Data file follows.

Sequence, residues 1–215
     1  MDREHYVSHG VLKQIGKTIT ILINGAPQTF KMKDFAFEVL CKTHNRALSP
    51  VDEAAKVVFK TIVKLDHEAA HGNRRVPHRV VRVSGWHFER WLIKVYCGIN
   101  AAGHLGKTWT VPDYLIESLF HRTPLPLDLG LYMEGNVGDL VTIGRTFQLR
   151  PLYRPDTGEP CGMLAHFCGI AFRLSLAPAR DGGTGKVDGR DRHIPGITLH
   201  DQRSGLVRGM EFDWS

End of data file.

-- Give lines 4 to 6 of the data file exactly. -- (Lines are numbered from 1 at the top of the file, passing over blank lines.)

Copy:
   101  AAGHLGKTWT VPDYLIESLF HRTPLPLDLG LYMEGNVGDL VTIGRTFQLR
   151  PLYRPDTGEP CGMLAHFCGI AFRLSLAPAR DGGTGKVDGR DRHIPGITLH
   201  DQRSGLVRGM EFDWS